How can you out someone who is out?

That’s when co-host Simon Hobbs piped up, saying, ‘I think Tim Cook is fairly open about the fact he’s gay at the head of Apple, isn’t he?’

For a moment, a deafening silence filled the studio as the hosts look awkardly from one to the other before Stewart, shaking his head in disapproval, responds with a succinct, ‘No.’

Hobbs tried to recover, ‘Oh, dear, was that an error? I thought he was open about it.’

It’s true that we’ve not had one of those 12 steps moments. “Hi, I’m Tim Cook and I’m gay”.

But he has agreed that he is indeed gay publicly.

23 comments on “How can you out someone who is out?

  1. If, according to the progressives, it’s not only not supposed to matter but to be a good thing, why do they always act as if it does matter and it’s a thing to be hidden?

  2. Interesting. Is it still even possible to sue someone for calling you gay?

    You’d have to show there was harm done to your reputation, but in our luvvie duvvie world where there’s now no shame in being gay you can’t be harmed by it. To even attempt to sue someone for it might make you seem as though you have a problem with gays.

  3. PS. Of course, Stewart could have known quote well that Cook is out and just been trying to make Hobbs shit his pants on live TV, but that probably would have required a reversal of their respective nationalities.

  4. Anyway.

    The problem with Tim Cook isn’t that he’s gay. It’s that he isn’t Steve Jobs. Which isn’t all that surprising, because a Steve Jobs type would never have worked for Steve Jobs.

    Apple is going back to the 90’s without Jobs. They’ll continue serving their traditional audience of hipsters and people who don’t like technology while Google and Samsung take over the world.

    Without a tyrant-genius like Jobs driving new products, they’re reduced to boring iterative improvements and wanky arguments over skeuomorphism that no normal person cares about . The expensive new corporate HQ they’re building is also a classic sign of a business that’s just past its peak. Hiring a handbag saleswoman to head up their retail operations is a John Sculley 2.0 move.

  5. Steve,

    “Without a tyrant-genius like Jobs driving new products, they’re reduced to boring iterative improvements and wanky arguments over skeuomorphism that no normal person cares about ”

    There’s no evidence that Jobs had anything new in the pipeline, either.

    Jobs did a great deal of things right. I don’t want to deny that he made a difference, but he was also fortunate in his timing. The web was taking off during his early years, meaning that the lack of Windows API was less important. The cost of laptops had fallen, meaning that people weren’t upgrading so much like in the desktop era. And the chips got small and powerful enough and storage small enough that you could make MP3 players.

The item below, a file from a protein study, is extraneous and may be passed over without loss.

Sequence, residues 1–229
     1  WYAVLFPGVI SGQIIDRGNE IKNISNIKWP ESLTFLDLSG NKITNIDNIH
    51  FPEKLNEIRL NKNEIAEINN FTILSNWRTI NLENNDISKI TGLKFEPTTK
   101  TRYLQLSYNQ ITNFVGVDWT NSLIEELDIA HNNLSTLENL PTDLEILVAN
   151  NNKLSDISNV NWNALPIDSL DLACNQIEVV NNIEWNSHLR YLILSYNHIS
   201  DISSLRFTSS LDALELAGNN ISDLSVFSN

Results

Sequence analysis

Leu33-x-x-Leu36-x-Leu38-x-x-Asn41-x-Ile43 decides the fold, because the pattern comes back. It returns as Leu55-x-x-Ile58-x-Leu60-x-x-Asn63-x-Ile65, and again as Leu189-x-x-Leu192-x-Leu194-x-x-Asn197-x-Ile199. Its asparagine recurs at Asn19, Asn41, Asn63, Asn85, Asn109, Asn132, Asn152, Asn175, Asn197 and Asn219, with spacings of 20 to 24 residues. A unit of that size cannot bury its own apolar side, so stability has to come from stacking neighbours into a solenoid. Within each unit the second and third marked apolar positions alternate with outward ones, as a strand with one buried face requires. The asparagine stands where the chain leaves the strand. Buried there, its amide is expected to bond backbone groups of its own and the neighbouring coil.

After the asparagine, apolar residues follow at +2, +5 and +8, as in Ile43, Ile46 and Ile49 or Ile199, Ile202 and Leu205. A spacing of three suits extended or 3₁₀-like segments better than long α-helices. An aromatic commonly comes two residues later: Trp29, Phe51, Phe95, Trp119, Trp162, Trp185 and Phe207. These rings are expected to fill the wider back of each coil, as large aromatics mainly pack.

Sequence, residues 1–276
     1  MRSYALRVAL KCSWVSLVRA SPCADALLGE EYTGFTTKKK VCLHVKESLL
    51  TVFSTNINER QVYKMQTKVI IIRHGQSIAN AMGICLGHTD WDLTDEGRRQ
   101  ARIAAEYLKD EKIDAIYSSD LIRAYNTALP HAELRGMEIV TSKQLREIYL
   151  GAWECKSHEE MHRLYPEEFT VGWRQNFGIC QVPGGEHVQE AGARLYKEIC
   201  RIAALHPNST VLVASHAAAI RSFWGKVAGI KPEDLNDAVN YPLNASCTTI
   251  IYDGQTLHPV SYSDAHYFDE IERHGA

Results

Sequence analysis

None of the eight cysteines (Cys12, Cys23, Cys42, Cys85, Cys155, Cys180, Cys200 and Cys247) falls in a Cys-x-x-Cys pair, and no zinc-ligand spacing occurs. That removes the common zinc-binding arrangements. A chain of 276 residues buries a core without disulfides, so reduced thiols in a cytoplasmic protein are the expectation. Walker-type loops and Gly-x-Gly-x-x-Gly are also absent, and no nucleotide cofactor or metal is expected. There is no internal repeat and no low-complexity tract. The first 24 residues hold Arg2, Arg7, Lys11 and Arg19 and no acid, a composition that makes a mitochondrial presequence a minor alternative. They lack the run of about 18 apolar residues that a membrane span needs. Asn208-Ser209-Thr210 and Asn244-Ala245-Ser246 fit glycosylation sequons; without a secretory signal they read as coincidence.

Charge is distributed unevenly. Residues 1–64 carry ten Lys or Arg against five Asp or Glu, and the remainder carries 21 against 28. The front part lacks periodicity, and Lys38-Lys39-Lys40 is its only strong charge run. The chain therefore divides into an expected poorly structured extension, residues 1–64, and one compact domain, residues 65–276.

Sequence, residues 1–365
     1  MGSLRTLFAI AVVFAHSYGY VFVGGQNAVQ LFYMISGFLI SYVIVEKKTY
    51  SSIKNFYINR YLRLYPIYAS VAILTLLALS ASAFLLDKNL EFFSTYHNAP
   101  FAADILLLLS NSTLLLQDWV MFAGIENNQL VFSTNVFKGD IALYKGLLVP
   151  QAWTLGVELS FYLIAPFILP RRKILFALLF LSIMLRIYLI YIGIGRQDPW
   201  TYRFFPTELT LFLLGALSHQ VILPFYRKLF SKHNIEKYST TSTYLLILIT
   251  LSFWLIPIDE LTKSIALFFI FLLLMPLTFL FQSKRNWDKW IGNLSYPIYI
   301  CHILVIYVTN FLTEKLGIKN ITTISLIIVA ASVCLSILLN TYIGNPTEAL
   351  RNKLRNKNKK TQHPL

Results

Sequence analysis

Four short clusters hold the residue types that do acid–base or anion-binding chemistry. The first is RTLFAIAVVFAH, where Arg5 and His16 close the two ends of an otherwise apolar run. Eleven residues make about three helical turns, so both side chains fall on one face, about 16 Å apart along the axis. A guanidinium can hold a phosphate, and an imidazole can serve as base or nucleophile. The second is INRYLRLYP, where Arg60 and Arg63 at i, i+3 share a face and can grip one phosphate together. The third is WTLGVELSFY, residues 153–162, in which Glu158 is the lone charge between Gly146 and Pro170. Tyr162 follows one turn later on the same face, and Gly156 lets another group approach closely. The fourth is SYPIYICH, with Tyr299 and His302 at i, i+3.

6. Steve – “Without a tyrant-genius like Jobs driving new products, they’re reduced to boring iterative improvements and wanky arguments over skeuomorphism that no normal person cares about .”

    Steve Jobs is a good example of the Great Man theory of corporate building. What is Apple without Steve Jobs? HP with Hipsters? They have thousands of highly talented engineers. But none of them are Jobs.

    “The expensive new corporate HQ they’re building is also a classic sign of a business that’s just past its peak.”

    As C. Northcote Parkinson pointed out, great buildings come from organisations in decline. Steep decline for Apple I am guessing.

    “Hiring a handbag saleswoman to head up their retail operations is a John Sculley 2.0 move.”

    It worked so well for HP.

    The Stigler – “There’s no evidence that Jobs had anything new in the pipeline, either. …. but he was also fortunate in his timing.”

    Sure but his genius was to take products that other people were making technically possible – and he was never a tech guy – and make them as perfectly designed as possible and cool to look at. He was supposedly about to re-design the Tv. iTV is a product that could have sold. So something new he could brutally exploit his work force into re-designing would have come along. Technology was not what he did. Design and marketing was.

    But without him, they will go the same way as HP.